# Prime ideal is contraction of prime ideal iff it's saturated

Let $\varphi: A\to B$ be a commutative ring homomorphism and $P$ a prime ideal of $A$. The expansion of an ideal $I\subset A$ is the ideal generated by $\varphi(I)$ in $B$, and the contraction of an ideal $J\subset B$ is $\varphi^{-1}(J)$, and they are denoted by $I^e$ and $J^c$, respectively.

I want to show that there exists a prime ideal $Q\subset B$ such that $Q^c=P$ iff $(P^e)^c=P$.

I don't really have any ideas on how to begin this problem: there's a hint to localize $B$ at $\varphi(A-P)$, but I'm not sure what I'm supposed to do after that. Additional hints would be appreciated!

• Have you tried doing the $\Rightarrow$ implication? That doesn't seem as hard. Forget the hint for a moment. – Hoot Jul 1 '14 at 2:21
• That direction is "If $Q$ exists, then $P$ is saturated," right? – Nishant Jul 1 '14 at 2:24
• Right. One always has $P^{ec} \supset P$, of course, so you just need to get the opposite inclusion somehow. – Hoot Jul 1 '14 at 2:26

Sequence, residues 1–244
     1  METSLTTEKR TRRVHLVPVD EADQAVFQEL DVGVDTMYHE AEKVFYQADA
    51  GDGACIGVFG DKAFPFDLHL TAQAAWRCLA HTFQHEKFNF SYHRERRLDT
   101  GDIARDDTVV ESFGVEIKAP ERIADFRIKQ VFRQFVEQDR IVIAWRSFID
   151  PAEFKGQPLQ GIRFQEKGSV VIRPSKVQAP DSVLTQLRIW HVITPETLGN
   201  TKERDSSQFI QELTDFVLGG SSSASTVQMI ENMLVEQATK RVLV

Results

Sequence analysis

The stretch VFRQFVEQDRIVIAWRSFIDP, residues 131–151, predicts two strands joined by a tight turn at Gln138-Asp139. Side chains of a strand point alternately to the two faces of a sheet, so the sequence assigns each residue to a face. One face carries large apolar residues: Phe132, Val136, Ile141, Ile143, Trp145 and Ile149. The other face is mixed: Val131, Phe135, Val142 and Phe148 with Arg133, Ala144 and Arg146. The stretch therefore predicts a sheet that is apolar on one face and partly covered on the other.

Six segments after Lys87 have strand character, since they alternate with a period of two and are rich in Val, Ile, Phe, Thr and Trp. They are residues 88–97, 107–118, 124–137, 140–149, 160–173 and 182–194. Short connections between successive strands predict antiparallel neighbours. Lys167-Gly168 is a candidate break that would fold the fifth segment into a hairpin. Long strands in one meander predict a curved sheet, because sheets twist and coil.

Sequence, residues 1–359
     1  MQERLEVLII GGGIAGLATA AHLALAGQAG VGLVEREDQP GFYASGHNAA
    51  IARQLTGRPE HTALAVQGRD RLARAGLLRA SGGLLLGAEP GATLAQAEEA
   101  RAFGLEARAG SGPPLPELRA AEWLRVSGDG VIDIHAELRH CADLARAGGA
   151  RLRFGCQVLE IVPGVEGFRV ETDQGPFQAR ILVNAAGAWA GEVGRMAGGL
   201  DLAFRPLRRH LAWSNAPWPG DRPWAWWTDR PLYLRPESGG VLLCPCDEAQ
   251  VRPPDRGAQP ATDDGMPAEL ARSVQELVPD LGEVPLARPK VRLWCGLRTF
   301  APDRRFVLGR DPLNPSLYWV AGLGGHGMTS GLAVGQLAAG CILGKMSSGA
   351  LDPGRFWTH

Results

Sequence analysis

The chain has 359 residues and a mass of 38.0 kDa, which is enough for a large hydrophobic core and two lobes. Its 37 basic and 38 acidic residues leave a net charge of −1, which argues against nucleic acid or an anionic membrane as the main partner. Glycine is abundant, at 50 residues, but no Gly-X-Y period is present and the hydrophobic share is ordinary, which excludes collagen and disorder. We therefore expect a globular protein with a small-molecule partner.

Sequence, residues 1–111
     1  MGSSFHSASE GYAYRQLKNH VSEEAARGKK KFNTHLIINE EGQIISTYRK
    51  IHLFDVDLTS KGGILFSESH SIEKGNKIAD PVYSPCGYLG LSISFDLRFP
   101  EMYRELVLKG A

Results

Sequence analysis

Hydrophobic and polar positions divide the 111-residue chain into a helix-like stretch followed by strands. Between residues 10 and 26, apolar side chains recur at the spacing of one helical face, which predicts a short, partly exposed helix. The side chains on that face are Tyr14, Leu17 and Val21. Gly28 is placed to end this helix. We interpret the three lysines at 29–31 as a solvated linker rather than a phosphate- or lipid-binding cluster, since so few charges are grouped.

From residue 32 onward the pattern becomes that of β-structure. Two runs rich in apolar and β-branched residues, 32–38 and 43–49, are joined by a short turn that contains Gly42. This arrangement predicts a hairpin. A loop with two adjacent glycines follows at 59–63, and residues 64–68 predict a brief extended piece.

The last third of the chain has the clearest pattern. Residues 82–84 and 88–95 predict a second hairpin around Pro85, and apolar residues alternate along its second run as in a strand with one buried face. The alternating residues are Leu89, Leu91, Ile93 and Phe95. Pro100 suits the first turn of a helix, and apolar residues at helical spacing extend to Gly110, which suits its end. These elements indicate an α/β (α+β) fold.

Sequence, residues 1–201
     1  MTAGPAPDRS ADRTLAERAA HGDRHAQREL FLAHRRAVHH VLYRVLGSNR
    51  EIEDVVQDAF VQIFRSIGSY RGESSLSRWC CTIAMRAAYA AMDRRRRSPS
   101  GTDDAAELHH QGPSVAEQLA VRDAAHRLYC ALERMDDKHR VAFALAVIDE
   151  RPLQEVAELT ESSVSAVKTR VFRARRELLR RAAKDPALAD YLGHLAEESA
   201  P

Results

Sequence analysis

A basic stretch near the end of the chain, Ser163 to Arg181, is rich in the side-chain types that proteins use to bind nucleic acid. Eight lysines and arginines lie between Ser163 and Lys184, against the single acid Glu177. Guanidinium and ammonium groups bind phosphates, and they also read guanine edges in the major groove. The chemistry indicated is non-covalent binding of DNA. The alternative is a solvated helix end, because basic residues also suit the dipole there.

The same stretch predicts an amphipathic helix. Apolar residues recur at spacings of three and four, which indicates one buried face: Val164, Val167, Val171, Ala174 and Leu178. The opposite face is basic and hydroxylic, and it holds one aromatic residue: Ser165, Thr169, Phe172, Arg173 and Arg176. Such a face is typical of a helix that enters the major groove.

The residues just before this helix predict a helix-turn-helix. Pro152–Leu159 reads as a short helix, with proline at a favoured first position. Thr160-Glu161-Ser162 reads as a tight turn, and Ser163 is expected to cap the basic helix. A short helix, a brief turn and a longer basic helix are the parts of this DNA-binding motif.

• Hmm, so if $P=Q^c$, then I need to show that $(P^e)^c\subseteq Q^c$, which is accomplished if I can show that $P^e\subseteq Q$. That is true, because if $Q$ contracts to $P$, it must contain the image of $P$, and thus the ideal generated by that image, right? – Nishant Jul 1 '14 at 2:45
• Hmm wait, it might not hold if $\phi$ is not injective? – Nishant Jul 1 '14 at 2:48

Since $P$ is a prime ideal of $A$, the set $S = A \setminus P$ is multiplicatively closed. Homomorphic images of multiplicatively closed sets remain multiplicatively closed, hence $T := \varphi(S)$ is multiplicatively closed and does not intersect $P^c$. It follows that the extension of $P^c$ in the localization $T^{-1} B$, call it $R$, is a proper ideal. Hence there is a maximal ideal $N \subset T^{-1} B$ containing $R$. It follows that the contraction of $N$ inside $B$ under the localization homomorphism is prime. Call this ideal $Q$. Then you can show that $Q$ does the job.